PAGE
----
What does a learning-enabled organizational culture look like?

A really useful metaphor for thinking about organizational culture is the iceberg. If we apply this metaphor to the idea of a learning-enabled organization, it can help illuminate what such a culture might look like at different depths/levels.

At the easily visible (above the surface) level, we can see formal policies, systems, and practices – the way the organization “officially” thinks about and does things.

Just beneath the surface, not obvious to outsiders, are informal practices, norms, and symbolic actions – “the way we really do things around here”. These are the aspects of organizational life that a newcomer learns as the insiders “show them the ropes”. We often learn about norms and informal practices by unknowingly violating them. [The same is true in all cultures, e.g. when we travel to another country and notice people gasp when we do something we always thought was ‘normal’.]

The deepest level of culture, often held only in the subconscious of insiders, are the underlying beliefs, values, and attitudes that permeate organizational thinking and behavior. Generally, people look to the symbolic actions of leaders (at the next level up) to infer the underlying values and beliefs. For example, we watch who gets recognized or promoted and who gets sidelined; we watch whether the leaders ‘walk the talk’ and do themselves what they are asking staff to do.

So what does the culture of a learning-enabled organization look like at these three levels? Here are a few ideas based on the literature and my own experiences …

Policies & Systems
  • Genuine evaluation protocols, tools & methods used to evaluate key programs & activities
  • Evaluation is positioned structurally for maximum influence
  • Effective knowledge management systems
Formal Practices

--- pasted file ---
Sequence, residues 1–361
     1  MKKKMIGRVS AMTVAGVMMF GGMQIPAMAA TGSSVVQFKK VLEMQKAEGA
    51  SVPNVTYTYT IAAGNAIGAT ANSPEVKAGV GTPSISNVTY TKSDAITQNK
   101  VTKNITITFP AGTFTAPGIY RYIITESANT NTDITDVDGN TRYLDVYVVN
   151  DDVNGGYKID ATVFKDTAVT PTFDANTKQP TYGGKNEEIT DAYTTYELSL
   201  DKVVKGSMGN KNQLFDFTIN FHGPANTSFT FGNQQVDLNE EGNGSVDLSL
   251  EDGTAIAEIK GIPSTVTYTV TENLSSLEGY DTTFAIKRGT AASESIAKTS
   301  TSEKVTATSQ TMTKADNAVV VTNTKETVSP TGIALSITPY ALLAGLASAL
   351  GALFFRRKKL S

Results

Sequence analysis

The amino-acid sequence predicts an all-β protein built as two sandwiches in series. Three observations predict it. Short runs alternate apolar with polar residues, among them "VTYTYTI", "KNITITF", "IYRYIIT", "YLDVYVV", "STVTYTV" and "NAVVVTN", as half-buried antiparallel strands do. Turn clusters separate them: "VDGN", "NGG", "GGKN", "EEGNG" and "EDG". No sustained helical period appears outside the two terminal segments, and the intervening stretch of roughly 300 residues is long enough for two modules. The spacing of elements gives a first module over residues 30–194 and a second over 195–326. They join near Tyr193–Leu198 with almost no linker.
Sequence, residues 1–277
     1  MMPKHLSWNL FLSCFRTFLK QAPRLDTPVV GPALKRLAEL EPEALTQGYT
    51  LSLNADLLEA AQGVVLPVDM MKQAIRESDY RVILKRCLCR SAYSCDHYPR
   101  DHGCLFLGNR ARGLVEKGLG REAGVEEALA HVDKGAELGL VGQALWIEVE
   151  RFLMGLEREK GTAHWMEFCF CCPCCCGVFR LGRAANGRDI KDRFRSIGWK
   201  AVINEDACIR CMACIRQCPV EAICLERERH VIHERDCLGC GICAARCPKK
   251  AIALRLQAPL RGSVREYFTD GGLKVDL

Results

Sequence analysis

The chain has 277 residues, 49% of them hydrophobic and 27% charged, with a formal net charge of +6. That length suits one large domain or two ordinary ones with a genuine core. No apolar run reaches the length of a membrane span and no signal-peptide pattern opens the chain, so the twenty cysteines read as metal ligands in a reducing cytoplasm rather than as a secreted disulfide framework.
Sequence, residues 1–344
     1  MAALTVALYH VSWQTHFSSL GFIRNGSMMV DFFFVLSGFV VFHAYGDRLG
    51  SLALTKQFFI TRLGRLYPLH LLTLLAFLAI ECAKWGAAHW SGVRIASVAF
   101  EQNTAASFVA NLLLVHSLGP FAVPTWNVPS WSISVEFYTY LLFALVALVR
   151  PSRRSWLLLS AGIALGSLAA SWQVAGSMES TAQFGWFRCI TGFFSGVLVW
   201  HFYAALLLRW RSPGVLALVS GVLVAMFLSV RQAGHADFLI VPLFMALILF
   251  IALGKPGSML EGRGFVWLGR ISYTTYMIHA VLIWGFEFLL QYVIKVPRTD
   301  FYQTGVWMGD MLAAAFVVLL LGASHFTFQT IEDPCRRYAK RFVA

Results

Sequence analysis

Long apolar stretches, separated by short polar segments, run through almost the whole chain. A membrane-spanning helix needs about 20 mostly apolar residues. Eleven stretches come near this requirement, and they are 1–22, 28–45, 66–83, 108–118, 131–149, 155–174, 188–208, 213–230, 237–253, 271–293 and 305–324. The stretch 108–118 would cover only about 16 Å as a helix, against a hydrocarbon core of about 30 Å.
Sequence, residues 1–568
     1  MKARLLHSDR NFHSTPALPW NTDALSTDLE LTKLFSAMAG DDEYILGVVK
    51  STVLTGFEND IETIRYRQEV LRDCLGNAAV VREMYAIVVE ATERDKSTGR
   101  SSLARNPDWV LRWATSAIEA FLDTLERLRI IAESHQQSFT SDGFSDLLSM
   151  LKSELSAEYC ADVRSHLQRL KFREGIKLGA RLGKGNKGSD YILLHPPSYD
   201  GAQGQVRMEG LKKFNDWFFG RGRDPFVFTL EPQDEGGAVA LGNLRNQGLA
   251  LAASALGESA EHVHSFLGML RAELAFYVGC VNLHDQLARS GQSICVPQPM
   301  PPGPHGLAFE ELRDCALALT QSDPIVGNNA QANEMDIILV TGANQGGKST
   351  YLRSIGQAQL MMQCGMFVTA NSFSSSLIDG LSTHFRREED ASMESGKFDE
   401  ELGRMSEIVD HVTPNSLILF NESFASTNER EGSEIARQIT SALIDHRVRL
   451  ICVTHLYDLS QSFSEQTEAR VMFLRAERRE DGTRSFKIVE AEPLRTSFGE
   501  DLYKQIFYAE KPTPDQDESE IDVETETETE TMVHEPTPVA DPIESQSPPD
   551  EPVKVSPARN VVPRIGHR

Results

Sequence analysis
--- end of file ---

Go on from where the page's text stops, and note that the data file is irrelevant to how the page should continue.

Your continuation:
• Deliberate experimentation with new ideas & approaches (and with failures expected)
  • Regular benchmarking against others’ outcomes and good practices
  • Scheduled ‘evaluative conversations’ about what really matters, what ‘excellence’ looks like, etc (evaluative rubrics are a great tool here)
  • Scenario planning to anticipate possible external changes
Informal Practices
  • Flexibility/fluidity allows continual evaluation & streamlining
  • Diversity of practice & methods; deliberate use of diverse teams
  • Assumptions & status quo regularly challenged
  • People often seek out advice or ideas from other organizations or teams
Symbolic Actions
  • Near misses on high goals are rewarded more than easily clearing easy targets
  • Negative results are celebrated as new knowledge
  • Top management actively seeks out tough criticism
  • Those who constructively critique the status quo are recognized and rewarded, and not sidelined
  • It is valuable to distinguish good from poor performance
  • Without feedback & criticism, excellence is impossible – especially at the top!
  • No ‘sacred cows’ (important ‘undiscussables’ that cannot be raised or questioned)
Values & Attitudes
  • The evaluative attitude: the relentless pursuit of the truth about quality and value
  • Openness to change and continuous improvement
  • Diverse perspectives and ‘outside-the-box’ thinking are highly valued
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5 comments to What does a learning-enabled organizational culture look like?

  • Hi Jane

    Very nice post and published in a more appropriate time! I think one important reason in relation with we don’t lessons learned from failure and even success is observable on the pretty learning medium (iceberg). May be Over 70 % of our attentions in programs, organizations and evaluations belongs to above the surface .For this problematic status I think we need to revolution in evaluation and other related subject.
    When I deeply think about these maters I more admire Professor Michael Scriven for his DEBATE on rethinking all of evaluation! He proposed workshop for the summer institute at Claremont Graduate University, where he will suggest it’s time to reconceptualize evaluation from the ground up.